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This is a work in progress, and the second version of this subject I started over the holidays.  I never posted the first because it didn't live up to what I had in my head. So far this second one is closer, but still so far away. I have had a lot of stops and starts, so that may be part of the problem. I actually hesitated to post this one too, as I'm not sure if I will finish it or just start on something else altogether. I will keep going further with it to see where I can take it, but sometimes it can get pretty frustrating when your insides don't quite match up with your outsides ( I guess life imitates art after all!) 

Some while back, there was a video floating around on YouTube that featured a short talk by Ira Glass, public radio host of "This American Life", about this anxiety and discomfort that can accompany the Creative Process. He summed it up so perfectly I will share it here, as this seems to be a recurrent theme in my own creative life.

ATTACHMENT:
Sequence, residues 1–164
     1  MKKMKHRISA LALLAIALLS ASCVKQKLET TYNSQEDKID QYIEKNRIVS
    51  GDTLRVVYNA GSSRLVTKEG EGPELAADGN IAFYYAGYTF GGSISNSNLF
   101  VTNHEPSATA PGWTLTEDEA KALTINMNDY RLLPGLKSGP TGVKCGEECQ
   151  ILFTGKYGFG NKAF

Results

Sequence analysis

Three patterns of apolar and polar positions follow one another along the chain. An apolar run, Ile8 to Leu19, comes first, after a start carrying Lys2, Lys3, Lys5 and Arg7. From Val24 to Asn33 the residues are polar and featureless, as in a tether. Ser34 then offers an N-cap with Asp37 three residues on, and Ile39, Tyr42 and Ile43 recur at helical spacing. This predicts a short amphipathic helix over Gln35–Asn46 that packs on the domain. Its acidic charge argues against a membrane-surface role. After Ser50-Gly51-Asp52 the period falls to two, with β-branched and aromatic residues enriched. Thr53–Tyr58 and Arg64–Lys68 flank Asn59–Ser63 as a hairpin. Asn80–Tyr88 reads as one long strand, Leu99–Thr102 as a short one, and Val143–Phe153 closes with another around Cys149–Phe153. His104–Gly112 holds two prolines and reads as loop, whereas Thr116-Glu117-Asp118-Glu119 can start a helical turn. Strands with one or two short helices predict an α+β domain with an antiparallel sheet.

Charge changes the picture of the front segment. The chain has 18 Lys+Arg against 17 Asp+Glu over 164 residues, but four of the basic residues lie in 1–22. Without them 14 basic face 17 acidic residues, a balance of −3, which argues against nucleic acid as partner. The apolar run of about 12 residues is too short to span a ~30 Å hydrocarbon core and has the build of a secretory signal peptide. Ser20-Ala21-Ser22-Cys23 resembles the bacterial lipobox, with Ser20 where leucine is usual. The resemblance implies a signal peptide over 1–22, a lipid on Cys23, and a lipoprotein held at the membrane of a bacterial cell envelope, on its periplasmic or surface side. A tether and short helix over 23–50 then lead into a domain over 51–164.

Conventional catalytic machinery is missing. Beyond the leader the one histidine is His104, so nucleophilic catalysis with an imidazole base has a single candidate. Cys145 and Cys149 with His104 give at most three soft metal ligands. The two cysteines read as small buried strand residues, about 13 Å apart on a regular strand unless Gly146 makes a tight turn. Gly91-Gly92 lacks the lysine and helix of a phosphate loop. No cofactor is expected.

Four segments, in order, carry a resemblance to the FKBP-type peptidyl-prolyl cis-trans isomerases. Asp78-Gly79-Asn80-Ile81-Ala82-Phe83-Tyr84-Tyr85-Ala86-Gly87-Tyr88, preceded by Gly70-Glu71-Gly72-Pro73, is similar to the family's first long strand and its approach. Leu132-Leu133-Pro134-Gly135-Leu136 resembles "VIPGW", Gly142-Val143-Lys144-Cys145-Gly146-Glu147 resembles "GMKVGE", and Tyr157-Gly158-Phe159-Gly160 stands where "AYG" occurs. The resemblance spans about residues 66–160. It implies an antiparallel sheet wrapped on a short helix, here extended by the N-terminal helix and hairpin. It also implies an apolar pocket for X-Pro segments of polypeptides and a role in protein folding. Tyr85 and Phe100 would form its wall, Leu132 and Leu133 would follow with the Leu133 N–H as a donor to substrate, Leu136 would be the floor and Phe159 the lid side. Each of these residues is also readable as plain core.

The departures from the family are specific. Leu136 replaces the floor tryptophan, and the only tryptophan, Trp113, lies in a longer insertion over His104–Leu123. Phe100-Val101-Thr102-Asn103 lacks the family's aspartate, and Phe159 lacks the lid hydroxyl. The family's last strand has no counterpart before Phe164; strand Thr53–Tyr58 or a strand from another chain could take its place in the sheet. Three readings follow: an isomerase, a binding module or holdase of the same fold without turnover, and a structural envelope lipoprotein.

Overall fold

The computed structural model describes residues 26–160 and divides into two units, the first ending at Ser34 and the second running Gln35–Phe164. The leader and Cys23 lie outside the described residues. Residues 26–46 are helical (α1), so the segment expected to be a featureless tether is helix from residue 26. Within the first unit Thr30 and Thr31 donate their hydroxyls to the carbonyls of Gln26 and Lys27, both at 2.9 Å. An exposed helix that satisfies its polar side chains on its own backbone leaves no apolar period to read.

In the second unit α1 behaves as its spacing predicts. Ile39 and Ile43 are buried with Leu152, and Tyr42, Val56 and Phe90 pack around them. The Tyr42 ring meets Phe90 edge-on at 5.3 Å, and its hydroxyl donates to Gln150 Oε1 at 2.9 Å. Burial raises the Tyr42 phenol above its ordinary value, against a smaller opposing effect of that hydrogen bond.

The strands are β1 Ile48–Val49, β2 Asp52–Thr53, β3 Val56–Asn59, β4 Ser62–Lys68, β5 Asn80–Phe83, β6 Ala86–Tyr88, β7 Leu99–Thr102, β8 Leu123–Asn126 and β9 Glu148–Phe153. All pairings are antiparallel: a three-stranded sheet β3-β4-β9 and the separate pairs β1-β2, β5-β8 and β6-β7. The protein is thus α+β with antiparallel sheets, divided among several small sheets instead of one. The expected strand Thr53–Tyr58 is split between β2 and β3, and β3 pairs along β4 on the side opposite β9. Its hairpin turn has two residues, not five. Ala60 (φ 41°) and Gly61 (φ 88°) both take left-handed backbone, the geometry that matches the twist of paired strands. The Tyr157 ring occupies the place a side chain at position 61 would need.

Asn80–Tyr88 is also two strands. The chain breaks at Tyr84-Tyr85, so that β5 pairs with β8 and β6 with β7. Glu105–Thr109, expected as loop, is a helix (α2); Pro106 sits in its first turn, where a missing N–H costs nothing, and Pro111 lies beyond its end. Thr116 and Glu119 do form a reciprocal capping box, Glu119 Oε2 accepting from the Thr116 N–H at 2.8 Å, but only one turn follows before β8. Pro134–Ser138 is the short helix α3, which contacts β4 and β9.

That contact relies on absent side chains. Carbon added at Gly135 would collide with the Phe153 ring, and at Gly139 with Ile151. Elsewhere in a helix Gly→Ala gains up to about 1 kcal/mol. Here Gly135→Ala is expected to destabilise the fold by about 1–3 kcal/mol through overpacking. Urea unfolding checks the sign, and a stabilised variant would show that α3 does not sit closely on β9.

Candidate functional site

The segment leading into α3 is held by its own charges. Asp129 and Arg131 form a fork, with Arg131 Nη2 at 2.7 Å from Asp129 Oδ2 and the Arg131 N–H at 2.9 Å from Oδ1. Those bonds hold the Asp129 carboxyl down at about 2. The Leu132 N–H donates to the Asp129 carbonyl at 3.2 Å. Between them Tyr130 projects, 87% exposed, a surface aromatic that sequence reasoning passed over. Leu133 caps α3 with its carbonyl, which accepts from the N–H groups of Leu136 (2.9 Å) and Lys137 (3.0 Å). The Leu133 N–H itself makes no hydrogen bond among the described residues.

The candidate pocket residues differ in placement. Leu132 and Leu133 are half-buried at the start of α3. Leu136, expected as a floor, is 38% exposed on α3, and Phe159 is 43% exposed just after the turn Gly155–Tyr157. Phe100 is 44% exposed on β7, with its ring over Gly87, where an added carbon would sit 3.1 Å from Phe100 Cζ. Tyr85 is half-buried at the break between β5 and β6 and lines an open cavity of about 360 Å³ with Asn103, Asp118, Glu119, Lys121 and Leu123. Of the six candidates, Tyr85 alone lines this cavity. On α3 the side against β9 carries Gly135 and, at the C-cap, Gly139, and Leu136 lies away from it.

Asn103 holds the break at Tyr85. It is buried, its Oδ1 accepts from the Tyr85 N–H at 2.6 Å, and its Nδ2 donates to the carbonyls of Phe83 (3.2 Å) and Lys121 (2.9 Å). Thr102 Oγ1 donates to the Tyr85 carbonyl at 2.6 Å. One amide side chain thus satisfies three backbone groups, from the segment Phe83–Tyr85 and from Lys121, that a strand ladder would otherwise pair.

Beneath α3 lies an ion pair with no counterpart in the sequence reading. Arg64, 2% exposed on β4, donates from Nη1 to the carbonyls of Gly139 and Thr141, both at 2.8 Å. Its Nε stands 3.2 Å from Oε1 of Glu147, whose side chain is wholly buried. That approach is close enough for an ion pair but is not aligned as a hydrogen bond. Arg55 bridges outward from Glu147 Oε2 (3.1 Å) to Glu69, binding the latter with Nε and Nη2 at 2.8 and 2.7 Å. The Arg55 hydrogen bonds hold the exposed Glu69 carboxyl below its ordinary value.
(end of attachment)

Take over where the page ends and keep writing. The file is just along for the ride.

While Glass talks about these pitfalls as a beginner problem, I am here to tell you that it is something most creatives contend with periodically even if they've been at it a while. While what he says feels somewhat comforting, at times it can also feel like a curse. But deep down I know that I've been blessed by what art has given me, and that often the expansion of growth doesn't happen without some pain of contraction. It's just you can't stay there. As Glass says, the antidote is to fight your way through, make the art, and make a lot of it. In art as in life, there is ebb and flow, ebb and flow. And if we can weather the storms, there is the chance to begin anew.